Sunday, December 21, 2008

privacy technology

Hijacked search results

Earlier this week I noticed that Google searches on my Windows XP box were coming up with bizarre results. I'd type something in to Google and my search results would come up with headings and descriptions that looked correct but linked to bogus sites. At first I thought that this was some kind of search engine optimization gone awry. Two things changed my mind:

  1. I noticed my web browser accessing a bogus URL:
  2. I checked my other machines (all running Linux) and they all worked correctly.
I viewed the source of the Google results, and I noticed an HTML script tag that had been injected into the search results page. I installed the NoScript Firefox extension which was successfully able to disable this foreign script and fix my Google results. Now I could work on actually eliminating this malware.

I opened up a Cygwin bash prompt and tried to ping, thinking that perhaps this was redirecting elsewhere - nothing turned up. On the other hand, if I launched Firefox and typed in that URL, it would connect to a server and retrieve some JavaScript. At this point I was convinced that this redirection was localized to my Firefox process.

I decided that whatever was causing this could have a varying degree of sophistication. Going for the low-hanging fruit seemed to be the most obvious course of action. I fired up Process Monitor from Sysinternals and logged everything that happened in the system as I entered "" in the Firefox address bar. Here's what I found:

Notice the TCP transmissions to port 80 (HTTP). Something is definitely phoning home. A quick run of the ping command with reverse DNS lookup gave me a successful hit of hs.2-58.zlkon.lv.

Rather than continuing with a fine-grained investigation, it was time to let my fingers do the walking. I had already disabled (though not yet eradicated) this malware, and at this point I had something to search on. Google promptly returned these juicy nuggets:

Beware of sysaudio.sys!

Fake sysaudio.sys causes search engine hijack

It looks like whatever put this on my machine was using some kind of unpatched browser exploit. Anyway, those blog posts point out that c:\windows\system32\sysaudio.sys is the likely culprit. Sure enough, I found it on my machine.

I decided to take a look to see if I could obtain some more information from this binary without doing any disassembly. I ran the strings command and got some interesting results. I won't include them all here, but I will note that they were all reversed in the binary. For example, one line in the strings output was:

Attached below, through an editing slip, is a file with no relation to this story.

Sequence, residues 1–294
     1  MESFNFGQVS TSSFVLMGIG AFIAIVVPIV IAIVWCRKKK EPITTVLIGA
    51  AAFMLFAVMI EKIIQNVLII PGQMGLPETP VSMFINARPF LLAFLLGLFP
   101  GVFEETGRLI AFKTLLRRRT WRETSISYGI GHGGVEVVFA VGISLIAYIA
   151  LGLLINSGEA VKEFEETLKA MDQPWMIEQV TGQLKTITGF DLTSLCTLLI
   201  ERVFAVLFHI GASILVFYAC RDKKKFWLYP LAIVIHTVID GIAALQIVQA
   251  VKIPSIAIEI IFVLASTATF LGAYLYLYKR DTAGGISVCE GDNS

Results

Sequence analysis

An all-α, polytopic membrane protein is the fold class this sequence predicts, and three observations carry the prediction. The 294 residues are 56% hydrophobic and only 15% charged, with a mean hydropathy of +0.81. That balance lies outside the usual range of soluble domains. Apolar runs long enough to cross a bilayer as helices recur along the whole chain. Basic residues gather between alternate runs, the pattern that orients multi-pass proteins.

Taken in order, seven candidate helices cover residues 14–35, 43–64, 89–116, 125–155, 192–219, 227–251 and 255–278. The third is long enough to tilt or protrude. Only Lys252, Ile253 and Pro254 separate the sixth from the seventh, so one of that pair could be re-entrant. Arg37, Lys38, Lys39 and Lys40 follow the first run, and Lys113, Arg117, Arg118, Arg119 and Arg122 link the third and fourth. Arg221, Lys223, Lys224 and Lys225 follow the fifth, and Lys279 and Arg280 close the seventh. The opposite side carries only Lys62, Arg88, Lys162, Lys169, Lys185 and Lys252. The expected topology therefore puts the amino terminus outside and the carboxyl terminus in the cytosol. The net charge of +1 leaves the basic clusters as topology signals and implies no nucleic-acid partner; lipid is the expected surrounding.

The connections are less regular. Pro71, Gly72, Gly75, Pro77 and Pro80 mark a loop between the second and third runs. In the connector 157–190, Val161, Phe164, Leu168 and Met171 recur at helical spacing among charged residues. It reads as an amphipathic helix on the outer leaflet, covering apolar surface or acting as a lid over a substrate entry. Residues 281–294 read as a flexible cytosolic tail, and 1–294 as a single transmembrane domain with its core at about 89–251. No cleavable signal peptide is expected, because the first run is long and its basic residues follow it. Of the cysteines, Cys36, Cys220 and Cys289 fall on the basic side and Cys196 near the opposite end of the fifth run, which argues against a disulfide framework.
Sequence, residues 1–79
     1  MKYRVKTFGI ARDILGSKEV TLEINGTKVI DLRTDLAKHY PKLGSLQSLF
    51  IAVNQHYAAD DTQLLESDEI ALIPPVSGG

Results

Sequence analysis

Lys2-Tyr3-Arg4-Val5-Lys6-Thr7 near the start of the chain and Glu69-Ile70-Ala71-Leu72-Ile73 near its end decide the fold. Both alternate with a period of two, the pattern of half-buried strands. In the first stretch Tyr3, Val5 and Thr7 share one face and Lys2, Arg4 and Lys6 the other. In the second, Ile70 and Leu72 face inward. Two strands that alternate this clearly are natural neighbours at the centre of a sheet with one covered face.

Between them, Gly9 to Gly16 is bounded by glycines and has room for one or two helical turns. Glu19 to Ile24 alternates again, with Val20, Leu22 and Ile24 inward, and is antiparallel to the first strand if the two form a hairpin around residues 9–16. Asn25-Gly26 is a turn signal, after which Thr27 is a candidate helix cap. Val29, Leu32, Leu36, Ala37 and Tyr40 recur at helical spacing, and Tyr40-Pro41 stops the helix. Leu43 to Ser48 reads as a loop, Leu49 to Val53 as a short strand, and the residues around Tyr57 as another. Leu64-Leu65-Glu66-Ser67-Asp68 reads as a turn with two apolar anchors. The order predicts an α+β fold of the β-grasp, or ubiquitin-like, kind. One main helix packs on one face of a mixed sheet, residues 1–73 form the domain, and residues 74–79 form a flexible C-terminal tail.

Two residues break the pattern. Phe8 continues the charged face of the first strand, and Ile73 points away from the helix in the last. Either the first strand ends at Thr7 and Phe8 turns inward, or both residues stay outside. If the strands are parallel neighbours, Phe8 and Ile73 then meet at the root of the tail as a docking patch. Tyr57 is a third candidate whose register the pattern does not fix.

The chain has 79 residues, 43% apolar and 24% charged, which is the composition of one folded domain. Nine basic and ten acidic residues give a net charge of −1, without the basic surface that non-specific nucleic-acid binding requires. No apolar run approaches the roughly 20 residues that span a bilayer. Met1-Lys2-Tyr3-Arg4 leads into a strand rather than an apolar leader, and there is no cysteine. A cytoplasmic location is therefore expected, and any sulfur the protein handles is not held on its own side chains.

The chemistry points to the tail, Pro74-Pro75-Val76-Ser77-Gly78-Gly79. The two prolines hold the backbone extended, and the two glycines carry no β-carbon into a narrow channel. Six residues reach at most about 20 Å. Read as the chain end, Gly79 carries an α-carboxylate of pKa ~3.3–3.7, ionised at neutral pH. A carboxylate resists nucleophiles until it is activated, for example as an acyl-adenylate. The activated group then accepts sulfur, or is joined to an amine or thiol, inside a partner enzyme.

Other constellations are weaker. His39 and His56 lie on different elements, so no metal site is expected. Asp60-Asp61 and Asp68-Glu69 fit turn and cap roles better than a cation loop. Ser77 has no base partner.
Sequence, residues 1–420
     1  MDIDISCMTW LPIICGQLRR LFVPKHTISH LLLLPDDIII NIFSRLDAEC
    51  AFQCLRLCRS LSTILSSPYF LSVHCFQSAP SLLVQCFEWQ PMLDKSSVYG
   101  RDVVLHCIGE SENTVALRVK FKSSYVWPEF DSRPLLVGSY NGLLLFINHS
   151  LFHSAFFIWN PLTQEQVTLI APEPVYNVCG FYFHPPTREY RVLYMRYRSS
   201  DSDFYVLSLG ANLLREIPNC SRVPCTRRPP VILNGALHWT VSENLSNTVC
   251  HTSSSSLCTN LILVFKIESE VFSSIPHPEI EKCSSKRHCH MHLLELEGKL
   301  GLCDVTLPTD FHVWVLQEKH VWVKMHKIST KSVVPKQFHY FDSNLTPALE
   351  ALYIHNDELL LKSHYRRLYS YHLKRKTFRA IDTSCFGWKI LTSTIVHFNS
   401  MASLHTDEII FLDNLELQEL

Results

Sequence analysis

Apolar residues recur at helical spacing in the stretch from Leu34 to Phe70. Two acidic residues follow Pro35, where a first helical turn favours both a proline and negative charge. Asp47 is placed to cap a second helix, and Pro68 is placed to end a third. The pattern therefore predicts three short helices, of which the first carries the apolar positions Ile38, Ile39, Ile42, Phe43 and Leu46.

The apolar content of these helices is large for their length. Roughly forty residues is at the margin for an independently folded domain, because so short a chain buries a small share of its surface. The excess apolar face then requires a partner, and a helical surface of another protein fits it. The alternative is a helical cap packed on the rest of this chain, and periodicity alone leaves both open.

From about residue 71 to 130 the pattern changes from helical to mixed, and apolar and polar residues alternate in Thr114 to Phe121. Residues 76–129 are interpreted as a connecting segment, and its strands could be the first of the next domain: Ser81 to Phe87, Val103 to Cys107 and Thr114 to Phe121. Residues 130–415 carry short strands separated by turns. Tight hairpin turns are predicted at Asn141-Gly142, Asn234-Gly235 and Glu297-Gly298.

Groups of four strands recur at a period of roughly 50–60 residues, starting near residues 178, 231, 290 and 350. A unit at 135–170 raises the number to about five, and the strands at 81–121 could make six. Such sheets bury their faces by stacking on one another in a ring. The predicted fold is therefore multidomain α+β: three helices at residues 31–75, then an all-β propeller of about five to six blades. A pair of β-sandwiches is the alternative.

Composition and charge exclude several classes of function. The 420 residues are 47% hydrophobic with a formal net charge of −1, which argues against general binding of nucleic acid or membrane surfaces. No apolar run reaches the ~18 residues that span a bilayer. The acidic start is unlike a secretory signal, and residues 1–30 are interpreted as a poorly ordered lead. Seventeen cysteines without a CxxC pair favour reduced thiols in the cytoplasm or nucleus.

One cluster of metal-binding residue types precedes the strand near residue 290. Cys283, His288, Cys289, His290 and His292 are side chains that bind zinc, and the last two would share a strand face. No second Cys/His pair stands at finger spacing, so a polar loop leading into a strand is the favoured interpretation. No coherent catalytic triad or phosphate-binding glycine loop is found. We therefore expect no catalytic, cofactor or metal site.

Look familiar? Reverse the string and think HTTP. ;)

Among other things, there are HTML script tags embedded in the binary, as well as parts of a URL that look like they are eventually spliced together. There's also a line containing the string "ntnet.drv", so that looks like another file that might be involved.

Here's the MD5 checksum for sysaudio.sys: db8c035980bf8cd18953e3f3f0abfe7e

By quarantining the files and fixing the registry key as mentioned in those blog references, it appears that this piece of malware has been eliminated. Despite the fact that I was happy (and intrigued) to track this issue down, I am kicking myself in the ass for allowing this to happen in the first place. On Windows I tend to run as an Administrator because of so many shitbox apps out there that can't handle a low-privileged user. I usually use Michael Howard's DropMyRights utility to ensure that stuff like this can't happen. I don't know why I wasn't using it on Firefox... perhaps my modified shortcut got overwritten during an upgrade?

UPDATE January 9, 2009: I submitted this malware sample to a number of anti-virus vendors, and some of them needed to add it to their databases. It appears that a slightly different version has been floating around as of late, this time under the guise of c:\windows\system32\wdmaud.sys and accessing instead of

Wednesday, December 03, 2008


Beggars can't be choosers

I laughed when Dion's broadcast was aired (in Western Canada CTV was able to air it in its entirety during the 6:00 news). Who are the amateurs that were taping him? The bookshelf behind him was in focus, not Dion himself!

I laughed even harder when I noticed the book that was in clear focus at the top left corner of the screen: Hot Air by Jeffrey Simpson et al. It's a global warming book, but its title lent a certain tinge of irony.

He sure spoke a long time. I stopped paying attention once I noticed that he was rambling.

More to come...

Tuesday, December 02, 2008


Driver's License Guidelines Issued

Today the Federal, Alberta, and BC privacy commissioners jointly issued guidelines concerning driver's licenses. While certainly not as detailed as PIPEDA or PIPA legislation (or related investigations), it does provide a concise, easy to comprehend guide for retailers who might not be aware of their rights and responsibilities. I think that it's also useful to the consumer and worth reading if you care about identity theft.

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